Mitt Romney just finished giving his address to the National Association of Latino Elected and Appointed Officials (NALEO), and as expected, didn't endorse Barack Obama's sweeping immigration plan or offer a specific replacement.
“Some people have asked if I will let stand the President’s executive action. The answer is that I will put in place my own long-term solution that will replace and supersede the President’s temporary measure.
As President, I won’t settle for a stop-gap measure. I will work with Republicans and Democrats to find a long-term solution."
Katrina Trinko has his prescriptions on other immigration-related issues.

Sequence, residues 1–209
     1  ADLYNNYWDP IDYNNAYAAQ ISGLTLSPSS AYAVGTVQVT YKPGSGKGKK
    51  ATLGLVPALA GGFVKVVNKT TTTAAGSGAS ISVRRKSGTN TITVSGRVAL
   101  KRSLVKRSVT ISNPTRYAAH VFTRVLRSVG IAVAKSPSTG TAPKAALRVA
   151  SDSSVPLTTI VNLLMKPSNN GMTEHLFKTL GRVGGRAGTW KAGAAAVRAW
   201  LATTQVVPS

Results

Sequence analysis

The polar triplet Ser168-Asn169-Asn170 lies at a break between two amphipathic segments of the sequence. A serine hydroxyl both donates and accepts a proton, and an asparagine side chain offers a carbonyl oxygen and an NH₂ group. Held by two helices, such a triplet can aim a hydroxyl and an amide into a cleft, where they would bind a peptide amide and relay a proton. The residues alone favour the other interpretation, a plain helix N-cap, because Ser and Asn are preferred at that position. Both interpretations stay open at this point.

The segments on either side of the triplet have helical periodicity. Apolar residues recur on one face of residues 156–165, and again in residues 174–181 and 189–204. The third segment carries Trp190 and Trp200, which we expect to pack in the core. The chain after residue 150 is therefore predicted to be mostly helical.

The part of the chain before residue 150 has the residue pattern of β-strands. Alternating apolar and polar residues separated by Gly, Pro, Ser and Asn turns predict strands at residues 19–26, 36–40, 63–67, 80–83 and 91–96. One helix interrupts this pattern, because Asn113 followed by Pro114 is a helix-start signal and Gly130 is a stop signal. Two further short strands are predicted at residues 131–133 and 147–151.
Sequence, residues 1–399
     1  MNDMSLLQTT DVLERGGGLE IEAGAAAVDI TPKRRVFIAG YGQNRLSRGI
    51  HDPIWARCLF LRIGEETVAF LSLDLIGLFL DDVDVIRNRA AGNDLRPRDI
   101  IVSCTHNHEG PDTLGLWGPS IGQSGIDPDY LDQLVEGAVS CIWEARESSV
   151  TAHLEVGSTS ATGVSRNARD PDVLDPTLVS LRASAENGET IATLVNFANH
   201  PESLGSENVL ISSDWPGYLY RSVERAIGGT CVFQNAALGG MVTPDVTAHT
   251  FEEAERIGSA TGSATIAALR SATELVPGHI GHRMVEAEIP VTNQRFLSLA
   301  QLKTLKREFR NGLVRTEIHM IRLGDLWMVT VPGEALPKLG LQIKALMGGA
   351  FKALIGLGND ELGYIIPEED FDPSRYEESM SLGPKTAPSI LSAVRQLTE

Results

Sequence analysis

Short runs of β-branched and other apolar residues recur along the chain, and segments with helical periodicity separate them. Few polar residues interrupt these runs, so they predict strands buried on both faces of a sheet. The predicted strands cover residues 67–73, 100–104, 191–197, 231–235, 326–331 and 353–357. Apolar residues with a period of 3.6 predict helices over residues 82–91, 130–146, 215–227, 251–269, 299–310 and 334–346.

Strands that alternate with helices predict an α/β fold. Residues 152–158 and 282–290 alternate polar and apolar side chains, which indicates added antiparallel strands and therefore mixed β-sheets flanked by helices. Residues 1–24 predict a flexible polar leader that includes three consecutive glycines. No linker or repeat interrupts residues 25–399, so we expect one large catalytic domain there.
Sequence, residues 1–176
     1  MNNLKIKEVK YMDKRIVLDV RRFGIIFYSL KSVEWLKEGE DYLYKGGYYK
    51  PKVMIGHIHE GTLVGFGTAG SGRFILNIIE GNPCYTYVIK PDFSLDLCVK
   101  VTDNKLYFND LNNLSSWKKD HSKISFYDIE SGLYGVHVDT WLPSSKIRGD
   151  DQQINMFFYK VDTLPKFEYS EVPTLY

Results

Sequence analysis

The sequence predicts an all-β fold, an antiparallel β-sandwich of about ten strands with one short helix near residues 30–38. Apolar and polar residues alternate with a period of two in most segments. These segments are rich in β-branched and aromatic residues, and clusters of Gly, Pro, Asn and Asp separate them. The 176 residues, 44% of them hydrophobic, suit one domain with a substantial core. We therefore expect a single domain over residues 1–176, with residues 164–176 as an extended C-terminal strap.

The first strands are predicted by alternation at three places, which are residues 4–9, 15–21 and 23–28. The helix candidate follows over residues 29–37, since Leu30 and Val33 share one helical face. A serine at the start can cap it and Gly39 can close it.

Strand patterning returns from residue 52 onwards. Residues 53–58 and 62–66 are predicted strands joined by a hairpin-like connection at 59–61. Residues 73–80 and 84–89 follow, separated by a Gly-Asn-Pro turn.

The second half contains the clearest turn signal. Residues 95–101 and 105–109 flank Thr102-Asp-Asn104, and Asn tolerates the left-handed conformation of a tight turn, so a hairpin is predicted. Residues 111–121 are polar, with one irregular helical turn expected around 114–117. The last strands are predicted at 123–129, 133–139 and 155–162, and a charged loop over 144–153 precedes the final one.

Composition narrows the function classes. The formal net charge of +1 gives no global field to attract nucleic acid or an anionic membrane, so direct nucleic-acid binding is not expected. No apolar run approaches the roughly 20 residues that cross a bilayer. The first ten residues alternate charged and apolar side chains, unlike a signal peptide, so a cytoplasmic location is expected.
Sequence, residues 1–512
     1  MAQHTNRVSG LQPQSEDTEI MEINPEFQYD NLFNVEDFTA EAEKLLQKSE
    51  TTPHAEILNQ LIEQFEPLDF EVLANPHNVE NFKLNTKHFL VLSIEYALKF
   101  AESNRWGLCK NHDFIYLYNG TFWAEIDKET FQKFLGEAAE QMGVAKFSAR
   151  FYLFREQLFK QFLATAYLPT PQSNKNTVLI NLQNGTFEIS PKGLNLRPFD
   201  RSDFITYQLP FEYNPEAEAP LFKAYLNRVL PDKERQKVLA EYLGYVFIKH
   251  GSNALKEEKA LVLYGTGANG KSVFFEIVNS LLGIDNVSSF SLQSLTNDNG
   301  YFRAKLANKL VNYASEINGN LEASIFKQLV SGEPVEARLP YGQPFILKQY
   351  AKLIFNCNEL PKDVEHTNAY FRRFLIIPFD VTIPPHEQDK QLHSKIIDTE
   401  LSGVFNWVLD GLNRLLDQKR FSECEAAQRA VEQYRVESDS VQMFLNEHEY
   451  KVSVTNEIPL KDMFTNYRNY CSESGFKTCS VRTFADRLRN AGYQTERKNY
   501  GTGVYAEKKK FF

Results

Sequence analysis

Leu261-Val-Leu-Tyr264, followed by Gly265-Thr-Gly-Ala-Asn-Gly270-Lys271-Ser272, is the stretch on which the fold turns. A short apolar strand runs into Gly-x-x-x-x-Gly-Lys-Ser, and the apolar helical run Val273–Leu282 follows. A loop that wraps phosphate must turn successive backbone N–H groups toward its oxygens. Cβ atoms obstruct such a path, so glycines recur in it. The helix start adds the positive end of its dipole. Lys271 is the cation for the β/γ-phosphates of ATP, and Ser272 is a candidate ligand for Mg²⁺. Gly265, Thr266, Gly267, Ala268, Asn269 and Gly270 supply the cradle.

His other policy plans on the immigrant front including changing “our temporary worker visa program so that it meets our economic needs,” ensuring those who serve in the military can obtain legal status, and providing green cards to foreign students who obtain advanced degrees at U.S. colleges in math, science, or engineering. Romney advocates an increase in how many high-skilled immigrants are allowed to come to the U.S. every year.
But the speech was predominantly about the economy, and more specifically, Barack Obama's handling of it, which Romney relentlessly slammed.
It was another reminder that Mitt doesn't seem inclined to dip too deeply into immigration-related issues and is making the calculation that Hispanic voters will be much more moved by unemployment and the economy.